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As we enter another hurricane season in the midst of a global pandemic, there are growing calls to respond to the climate emergency at the scale we’ve responded to COVID-19. Yet many climate solutions being proposed fail to address the 71 percent of the planet that’s blue. In early 2019 our organizations began developing an Ocean Climate Action Plan (OCAP) to identify ways we can use ocean resources to mitigate greenhouse gas emissions while helping coastal communities to adapt to impacts already underway.
The plan focuses on five key areas in need of government investment and innovative new policies: Coastal adaptation and financing, fisheries, aquaculture and biodiversity conservation, offshore renewable energy, and shipping, and ports and the maritime industries.
What would it do?
1. Improve Coastal Adaptation and Resilient Infrastructure Financing
With Arthur and now Bertha, the first named storms of 2020 forming before the official June 1 start of hurricane season, coastal adaptation and financing reform is timely. OCAP calls for expanding the living shorelines industry to employ many thousands of workers across the U.S. in shovel-ready (and diver ready) projects to rebuild threatened coastal ecosystems including salmon rivers, salt marshes, seagrasses, mangrove forests, oyster reefs, and coral reefs that provide proven urban infrastructure benefits in addressing sea level rise naturally. Living shoreline projects on a larger scale are working in New Jersey, on the Chesapeake Bay, San Francisco Bay, and along coastal Louisiana.
Improved stormwater management to reduce flooding and pollution is another solution, as is support for low-income communities that are at risk and need to build climate resilience or relocate from unstable shorelines. None of this is likely to happen, however, as long as FEMA’s National Flood Insurance Program continues to encourage people to build and rebuild in harm’s way on flood plains and atop barrier islands. The Ocean Climate Action Plan calls for flood insurance policies to be priced based on accurate actuarial rates with support for low-income homeowners facing rate increases and with the use of science-based flood maps updated every 5 years. Among other reforms, the plan calls for buyout programs like New Jersey’s Blue Acres that pay willing sellers pre-storm prices to help make them whole again after a disaster and then replaces these high-risk residential and commercial properties with living shorelines and parks.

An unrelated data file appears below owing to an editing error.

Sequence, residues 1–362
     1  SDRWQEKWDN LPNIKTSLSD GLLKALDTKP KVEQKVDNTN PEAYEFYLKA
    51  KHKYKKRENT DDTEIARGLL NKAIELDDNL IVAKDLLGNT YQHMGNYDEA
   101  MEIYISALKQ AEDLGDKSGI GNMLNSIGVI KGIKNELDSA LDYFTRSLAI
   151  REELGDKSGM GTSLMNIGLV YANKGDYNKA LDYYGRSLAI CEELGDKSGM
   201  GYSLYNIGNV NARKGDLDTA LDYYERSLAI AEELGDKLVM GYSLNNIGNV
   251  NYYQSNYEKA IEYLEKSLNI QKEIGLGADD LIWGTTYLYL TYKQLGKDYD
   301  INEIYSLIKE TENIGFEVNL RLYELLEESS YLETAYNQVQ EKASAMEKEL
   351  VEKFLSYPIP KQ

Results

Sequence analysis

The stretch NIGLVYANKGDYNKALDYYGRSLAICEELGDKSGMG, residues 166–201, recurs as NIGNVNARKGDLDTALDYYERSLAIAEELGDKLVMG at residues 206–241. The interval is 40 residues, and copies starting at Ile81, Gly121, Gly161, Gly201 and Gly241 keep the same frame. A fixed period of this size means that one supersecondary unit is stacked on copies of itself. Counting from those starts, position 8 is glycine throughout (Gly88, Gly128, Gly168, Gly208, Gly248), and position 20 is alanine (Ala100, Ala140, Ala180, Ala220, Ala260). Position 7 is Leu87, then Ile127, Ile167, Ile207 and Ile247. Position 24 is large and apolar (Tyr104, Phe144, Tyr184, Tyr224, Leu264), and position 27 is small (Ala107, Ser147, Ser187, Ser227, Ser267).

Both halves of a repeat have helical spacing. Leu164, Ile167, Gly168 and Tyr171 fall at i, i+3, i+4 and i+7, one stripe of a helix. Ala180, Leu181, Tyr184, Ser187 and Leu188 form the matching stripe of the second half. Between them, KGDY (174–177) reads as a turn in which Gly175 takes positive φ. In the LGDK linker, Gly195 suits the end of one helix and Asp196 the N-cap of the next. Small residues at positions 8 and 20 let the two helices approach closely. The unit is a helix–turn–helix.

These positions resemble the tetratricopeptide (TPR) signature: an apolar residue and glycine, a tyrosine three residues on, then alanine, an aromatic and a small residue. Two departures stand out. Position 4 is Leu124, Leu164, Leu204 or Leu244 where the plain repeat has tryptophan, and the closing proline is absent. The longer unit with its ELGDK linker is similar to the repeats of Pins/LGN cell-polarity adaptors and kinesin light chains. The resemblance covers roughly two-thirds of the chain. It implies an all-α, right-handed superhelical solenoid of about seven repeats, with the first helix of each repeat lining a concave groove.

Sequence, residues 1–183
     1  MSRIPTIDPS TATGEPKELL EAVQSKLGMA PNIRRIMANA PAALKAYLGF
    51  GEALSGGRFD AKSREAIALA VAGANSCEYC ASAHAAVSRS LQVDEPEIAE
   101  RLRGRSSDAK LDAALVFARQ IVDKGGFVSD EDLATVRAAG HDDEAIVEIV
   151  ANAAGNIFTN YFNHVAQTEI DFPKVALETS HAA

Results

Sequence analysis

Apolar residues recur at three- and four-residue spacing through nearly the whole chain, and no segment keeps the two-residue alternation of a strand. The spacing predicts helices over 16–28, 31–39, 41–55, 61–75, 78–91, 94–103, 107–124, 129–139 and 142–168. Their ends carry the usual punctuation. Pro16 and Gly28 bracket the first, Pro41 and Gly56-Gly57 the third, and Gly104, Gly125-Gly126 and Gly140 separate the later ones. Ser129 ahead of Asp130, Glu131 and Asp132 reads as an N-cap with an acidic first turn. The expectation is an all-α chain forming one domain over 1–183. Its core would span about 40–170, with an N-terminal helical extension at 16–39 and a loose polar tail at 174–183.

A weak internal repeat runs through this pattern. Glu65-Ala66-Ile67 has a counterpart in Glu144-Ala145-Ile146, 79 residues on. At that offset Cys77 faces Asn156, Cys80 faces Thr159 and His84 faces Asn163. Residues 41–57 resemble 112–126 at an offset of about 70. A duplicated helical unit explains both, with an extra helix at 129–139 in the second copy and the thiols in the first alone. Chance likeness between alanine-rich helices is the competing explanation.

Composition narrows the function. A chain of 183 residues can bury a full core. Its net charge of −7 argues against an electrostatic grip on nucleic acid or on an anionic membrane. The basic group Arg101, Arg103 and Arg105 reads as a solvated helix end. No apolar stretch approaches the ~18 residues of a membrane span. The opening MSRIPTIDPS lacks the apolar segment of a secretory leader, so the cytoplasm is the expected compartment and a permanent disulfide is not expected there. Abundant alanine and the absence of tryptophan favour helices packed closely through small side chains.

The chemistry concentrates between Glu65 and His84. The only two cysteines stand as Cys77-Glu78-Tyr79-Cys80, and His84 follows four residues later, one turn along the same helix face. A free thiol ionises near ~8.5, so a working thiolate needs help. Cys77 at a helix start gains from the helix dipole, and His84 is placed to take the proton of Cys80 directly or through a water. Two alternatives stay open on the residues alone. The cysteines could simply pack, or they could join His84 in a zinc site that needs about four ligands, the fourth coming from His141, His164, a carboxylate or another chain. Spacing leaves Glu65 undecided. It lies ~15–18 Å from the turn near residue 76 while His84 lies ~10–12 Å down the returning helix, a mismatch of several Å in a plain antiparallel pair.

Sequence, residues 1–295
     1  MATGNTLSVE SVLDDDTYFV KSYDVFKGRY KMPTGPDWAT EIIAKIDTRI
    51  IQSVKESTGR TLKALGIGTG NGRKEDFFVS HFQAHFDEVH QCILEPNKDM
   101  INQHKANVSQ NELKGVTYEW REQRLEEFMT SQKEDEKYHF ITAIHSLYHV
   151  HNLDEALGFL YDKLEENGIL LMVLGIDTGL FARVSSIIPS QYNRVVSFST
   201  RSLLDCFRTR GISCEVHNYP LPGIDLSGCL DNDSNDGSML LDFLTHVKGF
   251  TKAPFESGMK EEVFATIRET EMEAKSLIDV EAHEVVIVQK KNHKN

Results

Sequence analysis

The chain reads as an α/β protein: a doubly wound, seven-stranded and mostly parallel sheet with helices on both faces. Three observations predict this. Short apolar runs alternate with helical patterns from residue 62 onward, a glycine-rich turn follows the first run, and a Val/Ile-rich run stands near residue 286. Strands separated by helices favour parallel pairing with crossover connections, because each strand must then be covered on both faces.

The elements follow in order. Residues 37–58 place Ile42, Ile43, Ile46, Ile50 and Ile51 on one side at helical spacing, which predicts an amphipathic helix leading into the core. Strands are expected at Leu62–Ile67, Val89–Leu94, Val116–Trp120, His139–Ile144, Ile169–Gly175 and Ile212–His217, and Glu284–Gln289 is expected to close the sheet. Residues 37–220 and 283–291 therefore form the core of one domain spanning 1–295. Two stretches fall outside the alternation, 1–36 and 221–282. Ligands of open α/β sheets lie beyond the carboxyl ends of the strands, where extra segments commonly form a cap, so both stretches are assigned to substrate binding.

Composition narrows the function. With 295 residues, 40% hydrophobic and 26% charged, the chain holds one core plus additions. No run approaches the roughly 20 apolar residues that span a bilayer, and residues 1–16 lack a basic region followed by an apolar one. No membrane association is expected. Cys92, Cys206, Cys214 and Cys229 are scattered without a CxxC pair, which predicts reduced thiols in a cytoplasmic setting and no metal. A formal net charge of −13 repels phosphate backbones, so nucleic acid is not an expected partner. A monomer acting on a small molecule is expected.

2. Reform Fisheries For The New Climate Realities
Climate change poses unique challenges to the fishing industry, as species change their migratory patterns due to warming and acidifying waters that also threaten shellfish. This has turned the shellfish industry into an indicator species for ocean acidification (OA). Among the Ocean Climate Action Plan’s proposals to address these challenges are amending the federal fisheries law, to incorporate climate change impacts in the rules and regulations for sustainable fishing, and providing incentives to help fishermen and women transition their boats, engines, and refrigeration systems in the direction of zero carbon emissions.
3. Increase Aquaculture and Habitat Conservation
OCAP envisions regulatory and policy actions to grow a more sustainable U.S. aquaculture industry that can create new well-paying jobs while reducing our need for carbon-intensive and often illegal seafood imports. Also key is expanding the U.S. system of marine reserves, including the National Marine Sanctuary system while incorporating new climate adaptation standards for their management and long-term research. This will provide biological refuges and knowledge for species and habitat protection in our rapidly changing climate altered ocean.